For decades, the design of spacefaring vehicles has followed a consistent and pragmatic process; ensure the vehicle, payload, design, and material selection is kept to a bare minimum. This reduces the weight and therefore the overall cost of sending it into space.
But that is now all in the past after Autodesk partnered with NASA's Jet Propulsion Laboratory (JPL) and set about exploring better design and fabrication alternatives. Using Autodesk's generative design technologies in products like Fusion 360 and Netfabb they have designed something quite out of this world. Looking more like a martian creature, the resulting design is significantly more lightweight, yet remaining strong where it counts. This is how designs in nature evolve, and where Autodesk have clearly taken their inspiration from.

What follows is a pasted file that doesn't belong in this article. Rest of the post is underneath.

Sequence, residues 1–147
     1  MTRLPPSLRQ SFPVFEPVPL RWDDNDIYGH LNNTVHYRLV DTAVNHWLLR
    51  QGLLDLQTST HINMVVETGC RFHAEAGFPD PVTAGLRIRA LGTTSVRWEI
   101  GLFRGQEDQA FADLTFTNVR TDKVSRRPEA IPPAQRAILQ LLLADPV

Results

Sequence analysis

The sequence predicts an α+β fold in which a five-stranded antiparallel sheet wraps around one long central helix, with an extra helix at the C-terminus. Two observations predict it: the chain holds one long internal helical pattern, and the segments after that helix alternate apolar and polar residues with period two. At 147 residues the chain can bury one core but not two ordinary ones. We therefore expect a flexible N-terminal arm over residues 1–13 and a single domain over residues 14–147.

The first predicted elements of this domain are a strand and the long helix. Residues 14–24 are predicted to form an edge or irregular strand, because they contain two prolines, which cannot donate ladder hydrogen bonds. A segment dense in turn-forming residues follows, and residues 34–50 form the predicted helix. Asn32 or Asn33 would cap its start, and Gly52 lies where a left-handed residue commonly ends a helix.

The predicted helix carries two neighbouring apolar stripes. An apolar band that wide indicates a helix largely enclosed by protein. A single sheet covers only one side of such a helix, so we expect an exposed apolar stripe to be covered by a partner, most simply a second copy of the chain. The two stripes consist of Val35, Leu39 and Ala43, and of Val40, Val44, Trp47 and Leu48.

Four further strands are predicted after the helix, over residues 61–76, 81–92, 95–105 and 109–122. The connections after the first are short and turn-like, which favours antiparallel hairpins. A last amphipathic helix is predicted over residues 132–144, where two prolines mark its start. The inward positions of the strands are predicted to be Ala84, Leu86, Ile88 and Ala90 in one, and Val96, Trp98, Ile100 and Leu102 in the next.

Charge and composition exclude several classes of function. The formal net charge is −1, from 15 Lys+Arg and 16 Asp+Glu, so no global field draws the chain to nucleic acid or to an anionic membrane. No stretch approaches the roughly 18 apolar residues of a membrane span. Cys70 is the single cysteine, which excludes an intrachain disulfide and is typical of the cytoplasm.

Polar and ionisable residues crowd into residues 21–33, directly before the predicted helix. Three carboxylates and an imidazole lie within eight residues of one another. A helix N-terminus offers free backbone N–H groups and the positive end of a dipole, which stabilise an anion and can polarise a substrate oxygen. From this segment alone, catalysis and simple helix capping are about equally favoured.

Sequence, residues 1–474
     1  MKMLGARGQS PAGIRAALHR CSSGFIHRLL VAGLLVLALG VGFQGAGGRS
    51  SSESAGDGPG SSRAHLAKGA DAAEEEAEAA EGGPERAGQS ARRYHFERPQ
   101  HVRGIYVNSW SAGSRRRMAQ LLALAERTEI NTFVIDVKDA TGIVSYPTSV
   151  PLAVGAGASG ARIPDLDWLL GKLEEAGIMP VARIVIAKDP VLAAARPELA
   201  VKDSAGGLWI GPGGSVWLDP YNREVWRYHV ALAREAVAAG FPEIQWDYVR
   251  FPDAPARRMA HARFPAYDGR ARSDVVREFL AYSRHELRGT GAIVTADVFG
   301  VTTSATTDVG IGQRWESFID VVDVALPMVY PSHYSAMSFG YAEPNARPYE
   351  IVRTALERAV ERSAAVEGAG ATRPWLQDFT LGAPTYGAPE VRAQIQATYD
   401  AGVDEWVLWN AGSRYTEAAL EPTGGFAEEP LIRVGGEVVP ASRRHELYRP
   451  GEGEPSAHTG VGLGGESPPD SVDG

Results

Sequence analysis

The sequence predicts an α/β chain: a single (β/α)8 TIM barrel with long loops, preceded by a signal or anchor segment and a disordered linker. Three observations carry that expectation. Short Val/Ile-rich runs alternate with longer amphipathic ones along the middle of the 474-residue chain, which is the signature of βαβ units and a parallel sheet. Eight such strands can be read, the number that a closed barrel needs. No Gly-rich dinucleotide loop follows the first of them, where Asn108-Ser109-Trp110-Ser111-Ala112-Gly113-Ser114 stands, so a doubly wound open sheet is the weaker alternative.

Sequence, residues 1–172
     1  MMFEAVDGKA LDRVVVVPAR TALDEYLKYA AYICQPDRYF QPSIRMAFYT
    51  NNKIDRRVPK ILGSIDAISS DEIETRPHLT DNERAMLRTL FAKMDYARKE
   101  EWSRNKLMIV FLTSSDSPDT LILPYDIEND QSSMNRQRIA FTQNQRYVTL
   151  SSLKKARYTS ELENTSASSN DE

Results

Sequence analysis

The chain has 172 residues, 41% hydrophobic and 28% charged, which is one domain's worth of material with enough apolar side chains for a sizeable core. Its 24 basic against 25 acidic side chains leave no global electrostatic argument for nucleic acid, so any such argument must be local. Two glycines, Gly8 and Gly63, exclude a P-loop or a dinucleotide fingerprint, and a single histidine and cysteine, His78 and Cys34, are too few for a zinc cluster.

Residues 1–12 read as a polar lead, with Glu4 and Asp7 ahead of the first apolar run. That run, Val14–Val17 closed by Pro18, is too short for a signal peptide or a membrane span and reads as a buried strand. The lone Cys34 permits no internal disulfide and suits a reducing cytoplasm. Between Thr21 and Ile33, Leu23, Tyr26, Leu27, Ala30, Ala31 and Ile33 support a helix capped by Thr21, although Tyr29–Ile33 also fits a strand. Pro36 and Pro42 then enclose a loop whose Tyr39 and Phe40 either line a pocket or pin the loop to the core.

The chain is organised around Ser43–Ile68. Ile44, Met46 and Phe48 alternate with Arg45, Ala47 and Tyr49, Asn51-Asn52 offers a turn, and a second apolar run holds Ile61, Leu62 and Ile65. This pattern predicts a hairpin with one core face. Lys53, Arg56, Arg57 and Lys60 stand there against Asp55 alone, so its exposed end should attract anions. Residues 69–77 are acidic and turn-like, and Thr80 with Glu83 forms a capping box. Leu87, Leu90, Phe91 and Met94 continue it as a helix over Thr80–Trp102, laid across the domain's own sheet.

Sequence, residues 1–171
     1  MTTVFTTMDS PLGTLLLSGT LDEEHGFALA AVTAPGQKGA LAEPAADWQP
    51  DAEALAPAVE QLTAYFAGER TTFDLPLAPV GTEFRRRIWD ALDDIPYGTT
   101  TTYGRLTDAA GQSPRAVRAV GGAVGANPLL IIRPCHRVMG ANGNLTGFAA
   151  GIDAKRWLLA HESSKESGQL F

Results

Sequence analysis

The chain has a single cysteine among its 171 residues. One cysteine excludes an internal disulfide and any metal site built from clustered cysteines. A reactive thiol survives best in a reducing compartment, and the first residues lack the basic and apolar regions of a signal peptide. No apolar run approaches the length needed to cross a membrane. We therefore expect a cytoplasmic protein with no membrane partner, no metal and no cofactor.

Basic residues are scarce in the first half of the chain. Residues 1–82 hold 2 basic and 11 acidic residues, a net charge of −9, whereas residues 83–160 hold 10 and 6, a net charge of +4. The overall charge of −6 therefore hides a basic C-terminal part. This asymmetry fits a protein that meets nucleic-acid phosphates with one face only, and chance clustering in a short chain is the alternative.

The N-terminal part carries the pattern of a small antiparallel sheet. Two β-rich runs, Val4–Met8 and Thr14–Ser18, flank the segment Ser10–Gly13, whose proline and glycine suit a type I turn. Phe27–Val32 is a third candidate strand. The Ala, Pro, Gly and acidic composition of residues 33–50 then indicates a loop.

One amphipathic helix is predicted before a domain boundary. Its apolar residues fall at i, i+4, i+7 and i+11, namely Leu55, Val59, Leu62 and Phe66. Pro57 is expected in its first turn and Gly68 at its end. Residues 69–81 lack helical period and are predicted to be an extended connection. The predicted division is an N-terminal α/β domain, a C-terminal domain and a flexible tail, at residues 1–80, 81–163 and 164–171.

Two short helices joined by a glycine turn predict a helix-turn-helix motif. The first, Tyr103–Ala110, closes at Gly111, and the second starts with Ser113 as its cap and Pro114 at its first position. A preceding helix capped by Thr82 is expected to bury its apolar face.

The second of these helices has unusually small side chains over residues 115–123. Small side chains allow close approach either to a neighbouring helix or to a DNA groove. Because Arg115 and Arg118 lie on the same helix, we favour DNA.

The generative design process works by initially feeding a number of starting criteria such as material selections, size constraints, or manufacturing methods. This results in many different optimised design options which engineers can further explore and iterate upon. By using such an automated process, it removes much of the human bias which can often negatively affect older and more traditional design methods.
The vehicle itself was manufactured using three different methods:
1. Internal structure: 3D printed.
2. External structure: Sand casting.
3. Legs: 3-axis CNC machining.
For now, the vehicle is still in the research stage while it continues to provide the designers and engineers insights into the design process' full potential. And in doing so it might just solve some of the complex weight challenges when sending such crafts further into space.
Find out more about Fusion 360.